Scala Tutorial Through Katas: Bowling Game (Medium)

A programming kata is an exercise which helps a programmer hone his skills through practice and repetition.

This article is part of the series "Scala Tutorial Through Katas". Articles are divided into easy, medium and hard. Beginners should start with easy ones and move towards more complicated once they feel more comfortable programming in Scala.

For the complete list of Scala katas and solutions please visit the index page

The article assumes that the reader is familiar with the basic usage of ScalaTest asserts and knows how to run them from his favorite Scala IDE (ours is IntelliJ IDEA with the Scala plugin).

Tests that prove that the solution is correct are displayed below. Recommended way to solve this kata is to write the implementation for the first test, confirm that it passes and move to the next. Once all of the tests pass, the kata can be considered solved.

One possible solution is provided below the tests. Try to solve the kata by yourself first.

Bowling Game

Count and sum the scores of a bowling game of one player.

Original description by Martin Fowler:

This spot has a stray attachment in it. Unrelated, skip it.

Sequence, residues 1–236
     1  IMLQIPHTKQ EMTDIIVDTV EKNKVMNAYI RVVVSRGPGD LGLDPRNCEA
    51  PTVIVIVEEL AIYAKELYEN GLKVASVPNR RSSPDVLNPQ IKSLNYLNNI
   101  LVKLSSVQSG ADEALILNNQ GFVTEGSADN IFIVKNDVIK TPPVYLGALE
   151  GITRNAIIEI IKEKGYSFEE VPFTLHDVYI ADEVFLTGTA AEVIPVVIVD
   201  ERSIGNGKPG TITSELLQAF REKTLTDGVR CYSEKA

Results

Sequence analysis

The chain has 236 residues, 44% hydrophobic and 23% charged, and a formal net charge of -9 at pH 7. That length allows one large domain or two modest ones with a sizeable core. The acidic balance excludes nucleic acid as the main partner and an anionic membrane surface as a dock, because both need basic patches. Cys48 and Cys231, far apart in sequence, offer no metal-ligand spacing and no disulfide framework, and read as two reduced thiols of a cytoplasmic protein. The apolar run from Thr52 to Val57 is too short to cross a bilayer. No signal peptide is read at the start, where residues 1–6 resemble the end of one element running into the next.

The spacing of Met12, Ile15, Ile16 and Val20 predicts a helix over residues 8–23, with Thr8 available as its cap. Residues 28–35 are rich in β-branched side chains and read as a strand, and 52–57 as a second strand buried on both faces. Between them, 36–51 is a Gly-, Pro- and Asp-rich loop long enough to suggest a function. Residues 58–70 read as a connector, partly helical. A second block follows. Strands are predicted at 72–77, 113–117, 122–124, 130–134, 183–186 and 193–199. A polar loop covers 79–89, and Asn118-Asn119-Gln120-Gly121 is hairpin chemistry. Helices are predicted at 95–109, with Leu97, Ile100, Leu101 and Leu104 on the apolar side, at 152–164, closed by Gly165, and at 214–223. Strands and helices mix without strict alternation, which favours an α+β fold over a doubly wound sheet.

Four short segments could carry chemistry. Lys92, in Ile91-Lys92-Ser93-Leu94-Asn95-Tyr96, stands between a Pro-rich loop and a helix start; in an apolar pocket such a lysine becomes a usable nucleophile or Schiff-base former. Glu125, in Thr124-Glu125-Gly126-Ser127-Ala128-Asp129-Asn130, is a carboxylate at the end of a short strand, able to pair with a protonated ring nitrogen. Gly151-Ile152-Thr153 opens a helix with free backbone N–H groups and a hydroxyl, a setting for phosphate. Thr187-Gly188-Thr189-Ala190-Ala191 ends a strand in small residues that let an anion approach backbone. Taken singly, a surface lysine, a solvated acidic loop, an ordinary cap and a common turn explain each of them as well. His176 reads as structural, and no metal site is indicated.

Wikipedia article with scoring rules:

Following is the BDD scenario that should be used as the acceptance criteria.


Following unit tests were used in a TDD fashion while developing the solution.


Test code can be found in the GitHub BowlingGame.scala.


The solution code can be found in BowlingGame.scala solution.

What was your solution? Post it as a comment so that we can compare different ways to solve this kata.

1 thought on “Scala Tutorial Through Katas: Bowling Game (Medium)

  1. paul kinsky (@voidfraction)

    I’ll solve this later, but one thing to be aware of is that List[T] is a linked list, and therefore doesn’t support random access.

    So these three lines contain three O(n) operation.
    if (frames.size > 0 && !frames.last.frameFinished) {
    frames.last.roll2 = pins
    frames.last.frameFinished = true

    if you instead use lastOption you can avoid the if statement entirely, and reproduce this logic with a single traversal of the list.


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